On our last day, we took the $20 shuttle from the base to the airport. We got to the airport around noon, but our flight didn’t leave until 11 that night, so we still had a whole day left. We paid 1 thousand Yen to store our bags at the airport since it was way too early to check in for our flight.
After dropping the bags, we took the elevator to the third floor to get some Ramen. At this point we were obsessed. Most of the Ramen restaurants have these vending machines where you pay for your food before entering the restaurant. The machine gives you a ticket that you hand to the waitress, so she already knows that you paid and what you want. We put our coins in the machine and enjoyed the best bowls of Ramen yet.
Another cool thing about Japan is how they view tipping. While in the US, most service professionals are solely working for trips, it’s almost offensive to tip in Japan. While it’s ok to give gifts, leaving extra money is a no-no. Ironically, we received some of the best service in Japan.
For the rest of the day we wandered around the three airport terminals, which was an adventure in itself. There is a mall attached to Domestic Terminal 2. More importantly, there is a Krispy Kreme, with unique doughnut flavors. There’s no Krispy Kreme on Oahu, so I was essentially obligated to get doughnuts.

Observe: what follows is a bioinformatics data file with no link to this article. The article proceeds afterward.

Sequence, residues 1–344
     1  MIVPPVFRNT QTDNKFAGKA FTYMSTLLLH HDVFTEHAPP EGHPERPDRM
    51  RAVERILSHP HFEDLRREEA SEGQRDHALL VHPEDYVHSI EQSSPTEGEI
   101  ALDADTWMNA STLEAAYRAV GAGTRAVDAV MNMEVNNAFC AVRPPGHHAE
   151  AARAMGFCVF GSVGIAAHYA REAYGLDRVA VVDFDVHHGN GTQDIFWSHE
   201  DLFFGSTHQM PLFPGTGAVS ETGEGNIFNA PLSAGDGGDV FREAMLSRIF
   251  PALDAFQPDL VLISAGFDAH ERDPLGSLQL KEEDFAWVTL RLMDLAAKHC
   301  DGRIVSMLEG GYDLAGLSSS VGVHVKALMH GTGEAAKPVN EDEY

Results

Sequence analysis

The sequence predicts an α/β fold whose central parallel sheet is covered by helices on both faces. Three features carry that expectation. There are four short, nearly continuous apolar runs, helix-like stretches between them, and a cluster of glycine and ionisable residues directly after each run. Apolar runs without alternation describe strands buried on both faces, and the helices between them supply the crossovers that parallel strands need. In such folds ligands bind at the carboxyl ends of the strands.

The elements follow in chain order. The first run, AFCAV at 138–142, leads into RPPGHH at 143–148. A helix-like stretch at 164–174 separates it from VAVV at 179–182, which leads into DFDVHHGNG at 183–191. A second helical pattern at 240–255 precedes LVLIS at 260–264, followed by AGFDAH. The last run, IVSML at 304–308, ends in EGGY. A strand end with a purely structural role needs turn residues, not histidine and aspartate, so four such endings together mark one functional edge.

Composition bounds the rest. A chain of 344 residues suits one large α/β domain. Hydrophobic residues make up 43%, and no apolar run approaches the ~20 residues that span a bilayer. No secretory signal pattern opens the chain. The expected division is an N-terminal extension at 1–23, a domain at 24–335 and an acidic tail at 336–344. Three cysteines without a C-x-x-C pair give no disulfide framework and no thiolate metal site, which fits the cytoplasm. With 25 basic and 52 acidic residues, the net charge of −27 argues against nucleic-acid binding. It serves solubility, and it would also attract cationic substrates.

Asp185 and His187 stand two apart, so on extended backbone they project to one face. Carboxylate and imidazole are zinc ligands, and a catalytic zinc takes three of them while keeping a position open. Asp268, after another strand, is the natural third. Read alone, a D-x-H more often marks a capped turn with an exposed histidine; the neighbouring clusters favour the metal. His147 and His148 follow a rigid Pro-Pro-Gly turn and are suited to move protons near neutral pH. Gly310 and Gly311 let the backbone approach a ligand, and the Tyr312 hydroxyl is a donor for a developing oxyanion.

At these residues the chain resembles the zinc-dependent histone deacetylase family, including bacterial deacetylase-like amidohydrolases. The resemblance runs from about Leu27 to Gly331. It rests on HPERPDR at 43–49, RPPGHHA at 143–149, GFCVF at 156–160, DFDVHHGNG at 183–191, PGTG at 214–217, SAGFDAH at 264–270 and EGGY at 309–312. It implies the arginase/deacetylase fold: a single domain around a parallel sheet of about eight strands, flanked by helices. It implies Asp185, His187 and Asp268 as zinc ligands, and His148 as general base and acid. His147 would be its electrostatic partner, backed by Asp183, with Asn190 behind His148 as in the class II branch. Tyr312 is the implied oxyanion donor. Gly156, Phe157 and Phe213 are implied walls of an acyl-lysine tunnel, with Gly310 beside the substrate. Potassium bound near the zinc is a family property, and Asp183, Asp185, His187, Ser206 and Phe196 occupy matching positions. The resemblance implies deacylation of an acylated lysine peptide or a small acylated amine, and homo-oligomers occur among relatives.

Around 7pm, when we were able to check in and go through security, we found yet another mall on the inside that was full of all of the post- holiday deals. At this point, I was all shopped out.
Between moving into our first house and moving across the world, this year has been full of changes. I think I can now consider myself a recovering perfectionist and over-planner. I won’t permanently claim those traits anymore.
I’ve learned this year that the less I plan, the more I pray, and the less pressure I have to put on myself. Japan was a great experience. I usually leave places satisfied that I have seen all I want to see. I don’t feel this way about Japan. For the first time, I can say that I would love to go back.